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August 10, 1929     Southern Cross
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August 10, 1929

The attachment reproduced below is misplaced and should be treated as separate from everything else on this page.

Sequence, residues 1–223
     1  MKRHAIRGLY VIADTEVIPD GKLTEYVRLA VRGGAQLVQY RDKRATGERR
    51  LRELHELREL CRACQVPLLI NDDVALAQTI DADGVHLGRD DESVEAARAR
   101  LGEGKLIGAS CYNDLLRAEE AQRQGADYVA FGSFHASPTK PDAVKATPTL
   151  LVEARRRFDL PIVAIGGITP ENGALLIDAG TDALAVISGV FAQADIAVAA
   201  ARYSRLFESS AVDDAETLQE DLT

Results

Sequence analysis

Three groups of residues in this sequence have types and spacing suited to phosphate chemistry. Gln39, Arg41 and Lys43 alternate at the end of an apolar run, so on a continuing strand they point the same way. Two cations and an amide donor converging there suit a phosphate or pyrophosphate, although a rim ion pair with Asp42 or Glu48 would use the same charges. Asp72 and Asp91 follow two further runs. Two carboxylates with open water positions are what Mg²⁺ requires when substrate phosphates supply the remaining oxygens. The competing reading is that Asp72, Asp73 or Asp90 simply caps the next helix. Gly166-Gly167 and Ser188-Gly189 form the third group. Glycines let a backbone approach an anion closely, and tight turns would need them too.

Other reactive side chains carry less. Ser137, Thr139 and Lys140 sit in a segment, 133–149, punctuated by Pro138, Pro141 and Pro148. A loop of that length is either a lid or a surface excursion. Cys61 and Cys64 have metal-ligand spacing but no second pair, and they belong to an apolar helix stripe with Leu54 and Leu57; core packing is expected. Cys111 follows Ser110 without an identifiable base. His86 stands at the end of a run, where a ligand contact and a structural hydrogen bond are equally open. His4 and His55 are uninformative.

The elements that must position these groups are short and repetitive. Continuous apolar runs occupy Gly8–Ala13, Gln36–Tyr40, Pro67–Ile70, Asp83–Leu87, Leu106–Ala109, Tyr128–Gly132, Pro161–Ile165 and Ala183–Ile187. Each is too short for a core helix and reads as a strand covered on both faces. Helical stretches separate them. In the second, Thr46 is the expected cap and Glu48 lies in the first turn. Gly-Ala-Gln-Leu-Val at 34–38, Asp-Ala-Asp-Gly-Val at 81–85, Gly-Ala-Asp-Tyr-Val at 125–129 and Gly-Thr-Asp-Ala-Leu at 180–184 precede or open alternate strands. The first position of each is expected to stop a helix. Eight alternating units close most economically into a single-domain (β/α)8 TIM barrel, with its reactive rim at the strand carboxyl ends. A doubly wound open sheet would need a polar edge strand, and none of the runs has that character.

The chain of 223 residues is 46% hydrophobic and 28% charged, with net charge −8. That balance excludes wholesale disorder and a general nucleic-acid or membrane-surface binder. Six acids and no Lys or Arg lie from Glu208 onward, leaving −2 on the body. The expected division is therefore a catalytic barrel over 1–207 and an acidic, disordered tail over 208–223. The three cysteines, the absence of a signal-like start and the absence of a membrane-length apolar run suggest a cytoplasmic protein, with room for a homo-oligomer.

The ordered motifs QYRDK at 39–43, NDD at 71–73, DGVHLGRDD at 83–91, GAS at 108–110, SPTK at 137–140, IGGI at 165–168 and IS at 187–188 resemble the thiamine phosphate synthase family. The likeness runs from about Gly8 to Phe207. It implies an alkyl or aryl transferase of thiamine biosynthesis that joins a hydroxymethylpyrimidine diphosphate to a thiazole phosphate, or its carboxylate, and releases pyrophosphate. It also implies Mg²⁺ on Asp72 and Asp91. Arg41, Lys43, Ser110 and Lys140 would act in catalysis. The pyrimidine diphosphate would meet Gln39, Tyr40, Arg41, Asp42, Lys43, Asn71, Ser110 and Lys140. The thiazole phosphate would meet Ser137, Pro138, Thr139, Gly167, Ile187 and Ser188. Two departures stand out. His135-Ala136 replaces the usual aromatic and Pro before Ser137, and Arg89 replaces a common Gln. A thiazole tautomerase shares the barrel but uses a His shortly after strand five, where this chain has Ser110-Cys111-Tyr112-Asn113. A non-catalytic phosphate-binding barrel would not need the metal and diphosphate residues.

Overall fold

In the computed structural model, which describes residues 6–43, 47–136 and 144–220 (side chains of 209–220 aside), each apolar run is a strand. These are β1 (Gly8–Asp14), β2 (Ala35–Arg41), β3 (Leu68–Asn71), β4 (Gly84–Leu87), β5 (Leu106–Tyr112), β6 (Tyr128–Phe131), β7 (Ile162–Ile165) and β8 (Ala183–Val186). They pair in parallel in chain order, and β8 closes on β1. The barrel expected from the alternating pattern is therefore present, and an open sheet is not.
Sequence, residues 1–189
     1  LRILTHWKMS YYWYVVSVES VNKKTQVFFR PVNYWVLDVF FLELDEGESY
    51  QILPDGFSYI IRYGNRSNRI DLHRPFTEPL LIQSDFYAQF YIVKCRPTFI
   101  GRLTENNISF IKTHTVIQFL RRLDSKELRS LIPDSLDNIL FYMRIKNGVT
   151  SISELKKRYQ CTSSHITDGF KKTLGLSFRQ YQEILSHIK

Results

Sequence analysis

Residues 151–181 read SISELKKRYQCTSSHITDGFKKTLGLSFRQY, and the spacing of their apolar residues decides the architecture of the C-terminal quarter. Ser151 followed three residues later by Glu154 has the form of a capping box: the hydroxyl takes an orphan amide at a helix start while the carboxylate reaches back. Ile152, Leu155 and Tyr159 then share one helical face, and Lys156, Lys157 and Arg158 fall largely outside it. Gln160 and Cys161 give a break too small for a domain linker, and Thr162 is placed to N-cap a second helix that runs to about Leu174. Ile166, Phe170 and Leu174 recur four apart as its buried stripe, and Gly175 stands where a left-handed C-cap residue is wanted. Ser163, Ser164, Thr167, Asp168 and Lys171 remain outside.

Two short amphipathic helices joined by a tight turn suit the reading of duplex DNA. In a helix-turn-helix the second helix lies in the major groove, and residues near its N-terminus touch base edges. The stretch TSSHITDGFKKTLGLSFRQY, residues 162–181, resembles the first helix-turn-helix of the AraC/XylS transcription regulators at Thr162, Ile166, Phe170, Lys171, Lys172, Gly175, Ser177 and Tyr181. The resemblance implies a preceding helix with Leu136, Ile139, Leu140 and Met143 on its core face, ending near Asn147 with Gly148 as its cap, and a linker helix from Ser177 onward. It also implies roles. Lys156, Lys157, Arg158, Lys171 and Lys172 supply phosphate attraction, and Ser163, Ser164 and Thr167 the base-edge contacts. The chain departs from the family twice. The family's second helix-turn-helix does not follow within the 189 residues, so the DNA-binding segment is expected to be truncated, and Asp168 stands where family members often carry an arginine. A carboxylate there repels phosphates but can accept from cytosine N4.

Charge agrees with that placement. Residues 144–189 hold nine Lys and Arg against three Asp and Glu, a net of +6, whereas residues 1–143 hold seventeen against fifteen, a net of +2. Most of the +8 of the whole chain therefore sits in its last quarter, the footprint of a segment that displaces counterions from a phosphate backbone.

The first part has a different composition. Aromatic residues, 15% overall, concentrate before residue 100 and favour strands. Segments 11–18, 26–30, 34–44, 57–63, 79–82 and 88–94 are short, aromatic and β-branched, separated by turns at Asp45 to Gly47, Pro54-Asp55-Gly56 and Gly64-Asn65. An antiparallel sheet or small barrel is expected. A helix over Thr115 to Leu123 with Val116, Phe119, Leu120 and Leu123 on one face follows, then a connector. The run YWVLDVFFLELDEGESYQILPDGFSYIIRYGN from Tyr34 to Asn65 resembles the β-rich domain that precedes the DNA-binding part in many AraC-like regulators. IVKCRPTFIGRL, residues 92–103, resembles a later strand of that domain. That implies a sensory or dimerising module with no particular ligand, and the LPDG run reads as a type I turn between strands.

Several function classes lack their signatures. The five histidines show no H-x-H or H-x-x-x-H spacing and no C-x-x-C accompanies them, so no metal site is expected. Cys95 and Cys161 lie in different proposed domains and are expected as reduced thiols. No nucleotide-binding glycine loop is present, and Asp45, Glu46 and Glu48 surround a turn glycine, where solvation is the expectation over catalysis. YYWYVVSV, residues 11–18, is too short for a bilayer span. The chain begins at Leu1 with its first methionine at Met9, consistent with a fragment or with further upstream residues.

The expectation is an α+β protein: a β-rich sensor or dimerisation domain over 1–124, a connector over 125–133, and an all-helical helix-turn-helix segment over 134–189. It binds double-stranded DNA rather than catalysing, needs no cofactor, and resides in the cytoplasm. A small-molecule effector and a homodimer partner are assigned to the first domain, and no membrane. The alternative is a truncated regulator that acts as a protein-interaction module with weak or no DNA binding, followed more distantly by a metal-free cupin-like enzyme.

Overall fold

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8 THE BULLETIN OF THE CATHOLIC L AYMEN'S ASSOCIATION OF GEORGIA August 10, 1929 MonsiEnor McEIroy Sesquicentennial of Pulaski's I COADIUTOR ABBOT Death to Be Observed October 9 1 .......................................................................................................................... Dies in Baltimore - ................. Official Savannah Arranging .... i:::::::::: Charleston Mourns Passing LATE VICAR-GENERAL , ,mr. ::::::: [ Program. Notables Coming. [ of Its Vicar-General, Pastor -- i Memorial Mass Planned i] of St. Patrick's Church jJ .  [[ f (Speclal to The Bulletin ] SAVANNAH, Ga.- One hundred l[J BALTIMORE, Md.--Rt. Roy. Msgr. and fifty years ago this year Count ]Ii John T. McElroy, vicar-general of the  Casimir Pulaski was mortaly wound- J]i Diocese of Charleston, pastor of St. ! ......... ...... ed at the seige of Savannah "fighting i [?!i Patrick's Church and administrator forAmerican liberty and Savannah ][iiii of the Diocese during the interim  has selected October 9 as the date ]!!i: between the death of Bishop Russell i . for the great official celebration of t[i and the consecration of Bishop l !the anniversary, an event which is ] Walsh. died here at St. Joseph's Hos-! I expected to bring to Savannah one ]1 pital August 2 following an operation. I I of the aost distinguished bodies of ]] The end came to him in his native I officials and diplomats the city has  [ ..... city, where he was born January 16, I '.ever entertained. [ 1867. He had served the Diocese of I The date was selected at a meet- I I Charleston as a priest thirty-three ing July 39 in the office of Mayor I years, since his ordination at Wood: Gordon Saussy attended by Mayor I stock College, Maryland; by Cardinal Saussy, Capt: I. K. Werwinski and  Gibbons June 27, 1896. Col. H. Edmund Bullis, national I Rt. Roy. Emmet M. Walsh, D.D., commission representatives, Arthur j Rt - Francis -lier   B officiated at the Pontifical High Mass F. Comer, Thomas F. Walsh, Major ] .... v .... ' ..... at St. Paul's Church. Baltimore, as- Henry Blurt, E. H. Abrams, Thomas [ .,^-, --- 0 ,-, sisted by Rev. James A.-McElroy, a Gamble, Judge Arthur Solomon and [ A[[U| Mr" |, Ll-U brother of the Monsignor, Very Rev. others. . , ., [ James J. May, rector of the Cathedral A feature of the program wilt, r / at Charleston, and Baltimore and the hopes of the committee are Charleston priests. A delegation of reblized, be a memorial High Mass, CharleSton laymen as well as clergy to be celebrated at the Pulaski came to Baltimore for the funeral; MonIament at Bull Street. interment was in Baltimore. At the Arhong those coming to Savannah same hour as the 'funeral in Balti- more a Solemn High Mass of Re- quiem was offered up at St. Patrick's Church in Charleston. Born in Baltimore, where iris mother. Mrs. Annie C. McElroy, still resides, Monsignor McElroy "was in the 62d year of his age at the tikae of his death. Others of the imme- diate family hourvive him include three sisters and two brothers, ona of whom is the tlev. James A. McE]r roy, assistant rector of the Cathedral of St. John the Baptist, Charleston. Monsignor McElroy was educated in St. John's Parochial school. Bal- timore. Loyola college and St. iVIary's seminary, and was ordained by the late Cardinal Gibbons. He moved to Charleston shortly after this event and was assigned by the late Bishop Northrop to St. Mary's church. Greenville. Following a term of service in the Piedmont city he was transferred to Charleston to become assistant to the late Rt. Roy. D.J. Quigley, V. G., rector of St. Patrick's church. One of the outstanding accom-] plishments of Monsignor McElroy 1 was the reorganization of St. Pc-[ ter's Parochial school, which he did t with ability and energy. During the l period of the World War Father Me- I Elroy served as rector of the Cathe dral of St. John the Baptist, his ap- I pointment to the office of the late l Bishop Russell arising out of the wish of Father Budds that Father McE1- roy succeed him. The appointment of Father-McE1 - roy as vicar general of the diocese came after Monsignor Duffy's death some years ao. WLen Bishou Rus- sell died in 1927. Monsignor McElroy was appointed administrator of the diocese during" the interim between that event and the installation of Bishop E. IVI.. Walsh. One of the first official acts of the new bishop was the reappointment of Monsignor Mc- Elroy as vicar general. Monsignor McElroy was resnonsible for the establishment of the" Chapel -of Our Lady of Mercy, now a parish with Fther Tobin as pastor. As ec- clestastieal superior of the Sisters of Our Lady of .Mercy for many years he was an unfailing source of er- couragement to them in their activi- ties and enterprises. He interested Mother Katherine Drexel in the work of reorganizing St. Peter's School, which before that time was taught by lay teachers. He was invested as a Monsig.er August 5, 1923. Moni:.or blcElroy was of a retlr: lug dls)sition, yet led a very active life. He loathed pretence. So quietlY' and modestly did he work that few knew of the extent and depth of his labors. "He was a priest of the old school." the News and Courier oI Charleston said of him at his death. "He was pre-eminently and always the priest. He left behind him the memory of his hidden, modest ca- reer and the beautiful things he has done for the Diocese of Charleston/" He left behind him also hundreds a]ad theus.nds of friends in Charles- ton and elsewhere, in all walks of life and in an dout of the Catholic Church to mourn the passing of his gentle character. Ft. LeBuffe Attends Charleston Funeral Noted Jesuit Author's Aunt, 1Krs. DuFort, Dies CHA.RLESTON. S. C.--Rev. Francas P. LeBuffe, S.J., author of "My Changeless Friend" and numerous other famous works, and business' manager of "America", New YorlL came to Charleston late in July for the funeral of his aunt. Mrs. Clar- ence Guilliman Du Fort of Elum- burst. L. I., whose interment took place in St. Lawrence Cemetery. Father I,eBuffe is a native of Char- leston and was reared in St. Mary's parish. He was formerly dean of the School of SocioloT of Fordham Uni- versity, New York, and is as widely known as an educator as he is as an author and sociologist. He attend- ed the convention of the Catholic Press Association in Savannah two ears ao, his most recent visit tb this section. Rt. Rev. Msgr. John T. McElroy Miss Horne Remembers Charities in Her Will Macon Parochial School, for the celebration will be a Con- gressional Committee, governors of several states, government digni- taries from Poland, members of the French embassy and between 2,000 and 3,000 prominent Polish people from various parts of the United -States. The presence in the harbor at the time of the warship Trenton, officered almost entirely by Georgia men, is virtually assured. Rev. J. C. Reville,S.J., Dies in New Orleans Noted Editor Long on Staff of America Worked  in Parishes in Southeast (Special to The Bulletin) NEW ORLEANS, La.--Rev. John C. Reville, S. J., one of the most widely known of the Jesuit Fathers in this country and from 1915 to Education of Priests, Or- .1923 associate editor of America, New York, died here July 19. Father phons, C.L.A. Remembered Reville in addition to,his assignments here and in New York was station- ed at times in Augusta, Macon and (Special to The Eulletin.) I many other places and had a wide MACCN, Ga.--Special bequests of]acouaintance in the South. over $17,000 to Georgia Catholic or-I Father Reville was born in Brook- lyn, N. Y.. Feb. 4, 1867. His mother ganizations and activities are made in died in his boyhood and his father the will of Miss Amelia Horne, filed here August 5. Special bequests ot 73,000 are made to seventeen close relatives. The charitable bequests in- clude $10,000 to St. Joseph's parochial school here; $3,000 to the Bishop of Savannah for the education ot priests; $1,009 each to St. Joseph's Orphanage, Washington, Ga., St. Mary's Orphanage, Savannah, Cath- olic Laymen's Association of Geor- , . . . . i gm and the Columbian Building As- sociation, Macon; $250 to St. Ann's Society of St. Joseph's parish. The estate is valued at approximately $150,600. Mis Horne's Funeral Held in Macon Father Clarkson Officiates, Assised by Feather Czsidy and Father Conlin (Special to Tae Bulletin.) MAco}I, Ga.--The funeral of Mis Amelia Home, beloved Macon wom- an and official of the Catholic Lay- men's Association, whose death was recorded in the previous issue of The Bulletin. was held at Ft. Jo- seph's Church July 24, with inter- ment in Rose Hill Cemetery. The pallbearers were: Martin Callaghn, Dr. W. D. Wells, Judge Augustin Daly. M. J. Redmond, Will Mc- Creary, Cecil Lcg and Julius Lob. Rcv. Felix J. Clarkson, S. J., pas- tor of St. Joseph's Church, r.fficiat- ed at the Mass, assisted by Roy. Ed- ward J. Cassidy. S. J., of Macon, and Roy. James H. Conlin, Milledge- viHe. Father Clarkson delivered a eulogy in which he recalled Miss Amelia's unfailing service, her sterl- ing qualities of mind and heart, and the sorrow which her death brought to the congregation and city. For three score years Miss Amelia was one of the most widely known and beloved members of the local congregation, and the Catholics of the city feel that hers is indeed a place that cannot be filled. Through- out her long life of 77 years, all spent in Macon, she was always especially interested in things Catholic, and in her latter years the bulk of her time was occupied in promoting the in- terests of the Altar Society and the Catholic Laymen's Association of Georgia. FR. WALSH SAILS FOR EUROPE (By N. C. W. C. News Service) WASHINGTON.The Roy. Dr. Ed- mund A. Walsh. S. J., Vice President of Georgtown University here ar/d President of the Catholic Near East Welfare Association, has sailed for Europe. then left New York and returned with Father Reville and his sister to live in Ireland where he was for some years following associated in the editorial work of Cork and Dub- lin papers and with the London Universe. The Catholic News of New York says: Father Reville became a Jesuit in ].884 and made his studies at Poitiers, I France, and at St. Charles College, I Grand Coteau, La. He was ordained t Driest in 1889 and taught in the col- i loges at Spring Hill and at Macon, t Ga.. before coming to-New York to t 5Din the editorial staff of America in 1915. Ill health forced him to return to the South in 1924. He was a forceful and attractive preach- er. having all the graces and rhetori- ral magnetism of the old-time school. His manners and personality were most winning, uniting the French polish of his school days with his natural Irish courtly disposition. As a writer/he was very versatile and disulayed a wonderful familarity with the best classical literature in English, French and Spanish which he spoke with equal facility.. Besides a numerous and valuable series of essays and papers on Ameri- ca he contributed to the Catholic World. the Century Magazine, the Ave Maria and the Catholic Enc:c- cloedia He edited and compiled in 1922 a volume of Bourdaloue's ser- mons under the title "Herald of Christ"; the very useful catalogue of Catholic literature called "My 13ook Case," and a number of vol- umes of old favorites for the popu- lar "My Book Case" series. OCTOGENARIAN DIES IN ST. UGUSTINE PARISH (Special to The Bulletin) ST. AUGUSTINE, Fla -- Mathias Leonardi, a resident of St. Augustine during his entire eighty-one years of life, died here July 27 after an ill- ness of a year. He was widely known here and was a member of Cathedral parish, from which his funeral was-held, with interment in San Lorenzo Cemetery. Catholic Women of Columbus Entertain COLUMBUS, Ga.--The Catholic Women's Club entertained here July 27 at a bridge tea at the home of Mrs. John S. Baird. The affair was a brilliant success. NUNS TOREIGN MISSIONARIES Acording to The Field Afar, 343 young ladies from' thirty-one states and nine foreign countries have join- ed the Maryknoll Sisters. The Sis- ters, who devote thor lves to iforeign mission work, ;are planning to erect a Mother-House at NLaryknoll, N. Y. I Falher Francis Abbot I Coadjutor of St, Leo I Prior of a Abbey Elected Assistant to Abbot | Charles, First Abbot There | ST. LEO, Fla.--Very Roy. Francis | Saddler, O. S. B., prior of t. Leo Abbey, here, was elected Abbot Co- adjutor to Rt. Rev. Charles Mohr, O. S. B., D. D., Abbot of St. Leo, at an election at the abbey August 2, with Rt. Roy. Abbot Ernest. O. S. B., Abbot of St. Mary's, Newark, N.J |J., president of the Casenese ConJ gregation of the Benedictines of America, presiding.  The election of .Father Francis a abbot coadjutor came after" Abbot Charles petitioned the Holy Father for a coadjutor. Abbot Charles, wh has been abbot twenty-seven year, since the formation of the abbey, continues as abbot, and is in fatr I health considering his long and ard = uous service. Abbot-elect Francis, whose election has to be confirmed by Rome before it is official, will obseace his forti- eth birthday September 19 of this year. -e was born September 19, 1889, was professed at St t Leo Abbey in 1909 and ordained by Bishop Cur: ,ley of St. Augustine (now Archbishop of Baltimore) August 13,1914. His election as abbot comes therefore fit- teen years to the month after hm ordination. He held successively the offices of novicemaster, sub-prior ann prior. Abbot-elect Franc:. s widely known not only among the Benedic- tine Fathers of the South and coun- try ut among the secular clergy ann religious orders. As novice-mastez, sub-prior and prior he has made a splendid record, one which turn- ed the minds of his brother Bene- dictines to him when Abbot Charles requested a coadjutor. The present Abbot of St. Leo is as well known in many sections out- side of the South as he is in his own territory. Born at Chillicothe, O., January 24, 1863, a descendant of a noble Prussion family,-he was edu- cated at St. Vincent College, Beatty, Pa. He mad . his first vows as a , Benedictine July 11, 1882, and he [ was ordained June 22, 1886, at St. Rt. Rev. Charles Mohr, O. S.B. . Mary's Abbey, Belmont, N. C., by ............. | Bishop Northrop. | After four years in North CarD, ]i ',l,- ILl,r[lina as a missionary he came to " |St. tea's here, then a" tiny mission _ire nl$ ]1.-- -/under the direction of Belmont Ab- .-=,,, vo = ,,.'y bey, the late Rt. Roy. Leo Haid,. O. 8. j B., D. D., Vicar-Apostolic of North Elected in Savan.nah to Sue- Carolina and Abbot of Belmont be- .......... i ling Abbot. Previously St. teD's had eee lVlosner clare, wno [ been a mission of St. Vincent's Ab- vnlat, a,,l,l m, I bey, but because of the distance from .... " ""''x u'ax the Pennsylvania Abbey, it was --  transferred to Belmont ::ot long after (Special to The Bulletin) its foundation in 1887. SAVANNAH, Ga. -- The Sisters of Mercy, with mother-house at St. Vincent Convent here, have a new Mother Superior in Rev. Sister M. Loyola, for several years superior of St. Joseph's Infirmary, Atlanta, and one of the most widely known relig- ious in the South. Mother Loyola succeeds Roy. Mother M. Clare, who retires after .completing the canonical term of six years. Mother Loyola is a native of Sa- vannah, and she was known in the worId as Miss Mary E. McCrohan, member of one of the pioneer and most highly respected families of the city. She is a sister of Mrs. John W. Golden and Miss Annie MeCrohan, of this city. After her profession as a nun, she was a member of the faculty of St. Vincent Academy. Go- ing to Augusta, she was for many years.superior of St. Mary's Convent there, and she won a reputation as an educator that few teachers have mer- ited in Georgia. "Sister Loyola's girls" are famous throughout the state in non-Catholic as well as Catholic circles - Several years ago Mother Loyola was sent to Atlanta to take charge of St. Joseph's Infirmary, and under her direction it has been transform- ed and the part which has not been built during her administration there, has been completely reno- vated. As head of the hospital she performed the seemingly impossible task of duplicating her success as an educator, Mother Clare, whom Mother Loy- ola succeeds, has during two canon- ically terms of office, before and after Mother Stanislatm' administra- tion, achieved a well-merited reuu- tation as an ble administrator. The gratifying increase in the number of novices and the consequent strength- ening of the Order is but one of her many accomplishments. She is now in Ireland on business for the Sis- ters of Mercy. No appointment of a successor of Sister Loyola at Atlanta has been announced. Greenville to Forego Retreat This Year (Special to The Bulletin) GREENVILLE, S. C.--It has been announced here that there will not be any retreat for women at Ursuline Convent this year because of circum- stances which make preparations for the retreat impracticable. The Ursu- line Co, vent retreat for women has been very successful since its incep- tion and it is hoped that the suspen- sion of the retreat is merely tem- porary. The Benedictine Order was char- tered in Florida June 4, 1889, and a year later, on September 14, the col- lege was dedicated, with Father Charles, Father Benedict Roth and Father Basil Singer as the faculty. On September 17, 17894, the mission was erected into an independent priory with Father Charles as priox. The college and priory prospered un- der his airection to,. such an extent that it was elevated to the dignity of an abbey in 1902,. and on Thanks- giving of that year Father Charle was blessed as the first Abbot of St. Leo. From a tract of wild, uncultivated land devoid of any buildings worthy of the name, St. Leo's has develope under "the direction of Abbot Charles into 6no of the garden spots of the state, with magnificent buildinga comparable with those of any col- lege in Florida. In addition to the abbey, seminary and college for boys, there are attached to it a number of Florida missions and a thriving parish at Farmingdale, L. I. Despite the progress made in the past an even brighter future is anticipated under the leadersip of Abbot Charles and Coadjutor Abbot Francis. Floridian Ordained in Albuquerque, N.M. j Roy. J. Harrington Johnson, S. J., of Pensacola, Receives" Holy Orders in Southwest 4 ALBUQUERQUE, N.M.--Rev. J. Harrington Johnson, S. J., a native of Pensacola, Fla., where he was born November 16,, 1895, and who entered the Society of Jesus at Spring Hill College August 15, 1915, was ordained a priest July 28 at San Felipe Church here by Most Roy. Albert T. Daeger, D. D., Archbishop of Santa Fe. It is believed that this is the first ordination in the 227 years of this historic ctiu  rch's existence. Father Johnson's mother and grand- mother were present at his ordina- tion. Father Johnson's studies for the priesthood were hampered by ill health, and in June, 1926, he was sent to Albuquerque, where he has been pursumg theological studies since under the direction of Roy. It. J. Swift, S. J. He was raised to the | sub-deaconate.and deaconate on the ! Friday and Saturday before his or- dination. He has been a member of the faculty of Spring Hill high school and of the Jesuit high school in New Orleans. He will be stationed at Im- maculate Conception ChuTch here.